Meet the Council is an event series hosted by the Atlantic Council’s Office of Human Resources and the Diversity, Equity, and Inclusion Council to promote the work and opportunities of our organization. These events take place during Pride Month and Asian American and Pacific Islander Heritage Month, for example, to engage historically marginalized groups as the Atlantic Council looks to grow its workforce to better reflect our diversifying nation. Panelists will share their personal experiences, career paths, and answer questions from registered attendees.
The staff, fellows, and interns of the Atlantic Council are a group of foreign policy change-makers committed to achieving real-world impact through world-class research paired with innovative methods and engagement with a wide range of stakeholders. We write papers, host roundtables, produce reports, and analyze the world around us.
The Council cherishes its status as a diverse international organization, where those who speak different languages, hold different political views, and come from different national, religious, and ethnic backgrounds draw on their varied experiences to enrich our work. We are building on our strengths to better reflect a global workforce by increasing diversity across race, gender, religion, national origin, sexual orientation or identity, and political and social views at all levels of the organization.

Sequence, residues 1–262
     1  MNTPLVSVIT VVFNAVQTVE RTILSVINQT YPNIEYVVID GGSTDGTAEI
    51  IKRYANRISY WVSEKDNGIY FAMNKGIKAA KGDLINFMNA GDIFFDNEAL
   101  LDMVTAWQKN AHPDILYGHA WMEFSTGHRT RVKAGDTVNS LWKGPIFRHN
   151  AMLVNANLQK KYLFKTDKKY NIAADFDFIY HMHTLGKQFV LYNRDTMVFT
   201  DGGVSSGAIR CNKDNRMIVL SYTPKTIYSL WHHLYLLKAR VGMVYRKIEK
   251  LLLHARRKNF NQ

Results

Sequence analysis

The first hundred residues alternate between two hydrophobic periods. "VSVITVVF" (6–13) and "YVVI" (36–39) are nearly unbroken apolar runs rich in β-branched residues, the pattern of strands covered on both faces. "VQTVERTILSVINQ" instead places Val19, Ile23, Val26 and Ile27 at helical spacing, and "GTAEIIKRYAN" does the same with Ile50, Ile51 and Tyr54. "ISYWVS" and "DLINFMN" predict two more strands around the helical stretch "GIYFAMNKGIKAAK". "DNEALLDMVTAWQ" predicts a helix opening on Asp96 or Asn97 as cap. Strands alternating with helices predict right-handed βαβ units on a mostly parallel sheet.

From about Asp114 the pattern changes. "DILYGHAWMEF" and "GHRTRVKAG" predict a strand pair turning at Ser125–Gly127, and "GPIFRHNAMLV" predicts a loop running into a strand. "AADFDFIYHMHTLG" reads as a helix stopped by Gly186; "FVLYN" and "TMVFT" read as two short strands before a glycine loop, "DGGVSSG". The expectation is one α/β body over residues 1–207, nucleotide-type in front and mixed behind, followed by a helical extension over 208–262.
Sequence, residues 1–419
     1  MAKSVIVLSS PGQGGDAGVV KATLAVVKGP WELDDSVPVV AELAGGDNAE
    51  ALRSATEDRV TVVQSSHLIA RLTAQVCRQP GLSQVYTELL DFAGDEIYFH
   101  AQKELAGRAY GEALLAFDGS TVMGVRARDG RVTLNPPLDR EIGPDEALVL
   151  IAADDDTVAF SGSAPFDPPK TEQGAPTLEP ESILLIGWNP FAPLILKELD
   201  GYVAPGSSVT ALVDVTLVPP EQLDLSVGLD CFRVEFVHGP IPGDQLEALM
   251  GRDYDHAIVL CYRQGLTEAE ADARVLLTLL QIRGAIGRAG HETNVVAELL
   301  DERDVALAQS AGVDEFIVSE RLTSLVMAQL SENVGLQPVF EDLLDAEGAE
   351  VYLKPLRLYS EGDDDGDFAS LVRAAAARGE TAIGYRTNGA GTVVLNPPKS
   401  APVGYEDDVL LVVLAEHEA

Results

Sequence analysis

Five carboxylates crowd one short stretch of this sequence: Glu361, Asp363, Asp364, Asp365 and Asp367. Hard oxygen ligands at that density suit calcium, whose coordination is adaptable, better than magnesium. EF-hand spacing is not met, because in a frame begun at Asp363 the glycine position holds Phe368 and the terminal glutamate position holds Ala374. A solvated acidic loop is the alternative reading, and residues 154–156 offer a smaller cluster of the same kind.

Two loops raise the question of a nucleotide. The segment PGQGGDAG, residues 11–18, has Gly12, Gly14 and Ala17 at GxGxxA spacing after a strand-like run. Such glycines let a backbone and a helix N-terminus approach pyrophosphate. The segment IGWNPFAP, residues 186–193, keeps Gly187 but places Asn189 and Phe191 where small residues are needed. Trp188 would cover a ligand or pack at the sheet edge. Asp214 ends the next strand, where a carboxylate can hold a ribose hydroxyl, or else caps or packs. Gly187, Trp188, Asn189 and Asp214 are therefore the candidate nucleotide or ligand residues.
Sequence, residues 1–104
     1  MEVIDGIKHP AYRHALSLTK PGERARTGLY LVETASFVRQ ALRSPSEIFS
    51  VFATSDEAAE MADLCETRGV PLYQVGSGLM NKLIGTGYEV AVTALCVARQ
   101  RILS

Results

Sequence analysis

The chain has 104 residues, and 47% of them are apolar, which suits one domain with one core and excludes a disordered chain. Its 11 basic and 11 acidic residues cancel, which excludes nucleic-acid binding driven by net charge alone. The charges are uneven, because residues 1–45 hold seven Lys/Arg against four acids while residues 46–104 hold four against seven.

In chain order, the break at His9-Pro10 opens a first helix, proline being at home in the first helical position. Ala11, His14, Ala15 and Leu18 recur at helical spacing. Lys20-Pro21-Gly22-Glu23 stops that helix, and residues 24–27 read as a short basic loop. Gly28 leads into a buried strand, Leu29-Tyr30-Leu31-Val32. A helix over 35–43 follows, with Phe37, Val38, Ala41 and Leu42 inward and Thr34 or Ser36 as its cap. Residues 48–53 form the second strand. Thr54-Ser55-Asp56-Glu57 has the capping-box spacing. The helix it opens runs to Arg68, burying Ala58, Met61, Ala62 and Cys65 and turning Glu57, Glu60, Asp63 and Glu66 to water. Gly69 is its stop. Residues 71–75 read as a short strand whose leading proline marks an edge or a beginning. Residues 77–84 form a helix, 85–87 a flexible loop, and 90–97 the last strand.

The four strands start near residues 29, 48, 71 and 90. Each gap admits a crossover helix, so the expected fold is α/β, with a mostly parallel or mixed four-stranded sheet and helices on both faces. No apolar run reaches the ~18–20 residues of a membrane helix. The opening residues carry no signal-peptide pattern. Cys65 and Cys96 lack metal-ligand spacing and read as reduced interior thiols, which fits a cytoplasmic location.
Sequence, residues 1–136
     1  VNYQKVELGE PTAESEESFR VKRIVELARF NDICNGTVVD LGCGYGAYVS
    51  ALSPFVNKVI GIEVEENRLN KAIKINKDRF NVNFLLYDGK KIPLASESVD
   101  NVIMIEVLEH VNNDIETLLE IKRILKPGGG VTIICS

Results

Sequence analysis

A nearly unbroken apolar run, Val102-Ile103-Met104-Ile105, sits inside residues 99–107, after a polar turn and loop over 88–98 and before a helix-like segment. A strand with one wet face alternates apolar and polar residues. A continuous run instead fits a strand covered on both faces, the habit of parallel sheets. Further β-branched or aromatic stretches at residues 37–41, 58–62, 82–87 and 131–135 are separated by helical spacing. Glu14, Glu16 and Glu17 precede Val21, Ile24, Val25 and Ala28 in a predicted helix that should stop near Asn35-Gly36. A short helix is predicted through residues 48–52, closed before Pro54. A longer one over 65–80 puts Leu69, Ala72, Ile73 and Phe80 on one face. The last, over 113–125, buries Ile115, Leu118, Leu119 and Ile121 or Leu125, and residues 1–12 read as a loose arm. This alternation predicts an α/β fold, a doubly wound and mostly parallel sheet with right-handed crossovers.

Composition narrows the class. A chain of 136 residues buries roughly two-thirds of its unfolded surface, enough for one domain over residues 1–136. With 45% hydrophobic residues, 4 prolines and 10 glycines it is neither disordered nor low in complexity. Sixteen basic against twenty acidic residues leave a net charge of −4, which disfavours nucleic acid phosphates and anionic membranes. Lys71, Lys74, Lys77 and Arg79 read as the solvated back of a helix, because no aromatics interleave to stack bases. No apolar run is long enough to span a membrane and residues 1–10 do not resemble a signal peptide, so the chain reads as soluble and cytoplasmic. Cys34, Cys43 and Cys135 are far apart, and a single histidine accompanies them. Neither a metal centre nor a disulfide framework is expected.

To participate in this interactive event on Wednesday, October 6th from 4:30 to 5:30 p.m. EDT on Zoom, please complete the registration form below.
Associate Director, Venezuela, Adrienne Arsht Latin America Center
Human Resources Specialist, Talent Acquisition
Assistant Director, Adrienne Arsht Latin America Center
Safa Shahwan Edwards
Deputy Director, Cyber Statecraft Initiative
Co-Chair, Diversity, Equity and Inclusion Council
New Atlanticist Dec 11, 2019
A tale of two flags: How Bolivia’s racial divide is shaping its political crisis
By Sarah Hennessey
For a decade, Bolivia has existed under two flags, that have represented the country’s distinct cultural heritages. Now, facing uncertain new elections, it remains to be seen if indigenous and non-indigenous Bolivians will be able to find a common path towards stability and the reinstitution of democratic norms.
New Atlanticist Dec 10, 2020
Gender equality can accelerate Latin America’s post-COVID-19 recovery: Men and boys must take part
By Valentina Sader, Cristina Guevara
In Latin America and the Caribbean, this year’s Human Rights Day marks a grim trend as COVID-19 sets back decades of progress for women and girls. And without enlisting everyone, including men, in the fight for women’s empowerment, society’s ability to achieve gender equality is limited.